Can you locate the four countries involved? Iceland, Spain, Turkey and England <br /> Children and their teachers completed a survey about reading and literature in four cities in each of the four countries. <br /><ul><li>Murica, Spain
Bristol, England </li></li></ul><li>Activity 1 <br />What sort of reader would you say you are? <br />I love to read.<br />It’s okay to read.<br />I don’t like reading. <br />Can you predict the country that had the highest percentage of children who said ‘I love to read’?<br />
Reading ambassador recommendations <br /> Governments are trying to increase the number of children who say they ‘love reading’ as research shows that if you love reading, you read more and if you read more, you get better at reading. Governments also know there are other benefits to reading, including developing a person’s understanding of the world and problems and issues in the world as well as preparing someone to use their reading in the jobs they will do in the future and as a way to relax. <br /> What are you recommendations for government. How can they increase the number of children that say they ‘love’ to read. <br />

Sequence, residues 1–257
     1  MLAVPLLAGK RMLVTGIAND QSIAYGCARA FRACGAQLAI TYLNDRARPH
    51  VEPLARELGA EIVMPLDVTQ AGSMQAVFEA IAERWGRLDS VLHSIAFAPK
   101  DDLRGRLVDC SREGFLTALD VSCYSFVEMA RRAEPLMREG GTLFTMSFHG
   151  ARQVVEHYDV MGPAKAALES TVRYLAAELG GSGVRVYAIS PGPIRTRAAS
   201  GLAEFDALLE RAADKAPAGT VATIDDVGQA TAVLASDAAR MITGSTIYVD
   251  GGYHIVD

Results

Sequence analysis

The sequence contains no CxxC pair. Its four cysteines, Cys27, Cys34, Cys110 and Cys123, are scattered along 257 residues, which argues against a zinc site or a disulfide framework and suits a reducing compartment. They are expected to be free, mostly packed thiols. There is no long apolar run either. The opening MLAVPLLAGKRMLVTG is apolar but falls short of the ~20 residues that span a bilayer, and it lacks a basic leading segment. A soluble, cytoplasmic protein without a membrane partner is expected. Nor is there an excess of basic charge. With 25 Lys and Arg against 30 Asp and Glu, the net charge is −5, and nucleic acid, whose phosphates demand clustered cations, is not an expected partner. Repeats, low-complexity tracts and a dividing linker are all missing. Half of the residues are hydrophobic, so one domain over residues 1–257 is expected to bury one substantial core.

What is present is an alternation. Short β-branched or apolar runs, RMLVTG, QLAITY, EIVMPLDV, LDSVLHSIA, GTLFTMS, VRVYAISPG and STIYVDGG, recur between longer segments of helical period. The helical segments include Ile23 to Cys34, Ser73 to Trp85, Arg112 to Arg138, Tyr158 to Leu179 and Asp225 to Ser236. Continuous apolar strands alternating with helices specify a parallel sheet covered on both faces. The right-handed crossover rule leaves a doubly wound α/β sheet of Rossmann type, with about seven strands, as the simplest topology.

Activity 2The bedtime story and being read to at school<br /> Children were asked how often someone at home read to them in the evening before they went to sleep and how often their teacher read to them at school. <br /> Why do you think the researchers were interested in finding this out? Look at the statements and decide if they are true or false. <br />
Reading aloud <br /> How often does someone in your family read for you in the evening before you go to sleep? <br />Answer: Never<br />Iceland – 47.4%<br />Spain – 55.4%<br />Turkey – 41.9%<br />UK – 48.8%<br />Does your teacher read aloud to you,<br />Answer: often<br />Iceland – 58%<br />Spain – 50%<br />Turkey – 63%<br />England – 44%<br />
Recommendations <br /> If hearing stories read aloud is important, what are you reading ambassador recommendations to government to encourage reading aloud to children? <br />What are your top 10 books for reading aloud? <br />http://www.randomhouse.co.uk/childrens/GreatBookstoReadAloud/<br />http://www.literacytrust.org.uk/assets/0000/0865/Storytelling_tips.pdf<br />
Activity 3 How long do you spend reading and where do you read outside of school<br /> “I love reading. I read everywhere – curled up in an armchair, slouching on the sofa, lying in the bath, half-dozing in bed. I always read on journeys. I even read walking along, though this is silly, and I shall doubtless walk slap-bang into a lamppost one day.”<br /> Jacqueline Wilson <br />
The researchers asked children if they had the internet at home<br />Is there anything interesting in the data? <br />Activity 4<br />Diamond nines <br />Reading ambassador recommendations <br />What are your 3 recommendations to government about internet use and reading?<br />
Favourite books <br /> Children were also asked about their favourite books. Across all four countries these two books were popular:<br />The Twilight series by Stephanie Meyer and<br /> The Harry Potter books by JK Rowling <br /> What sort of books were popular?<br />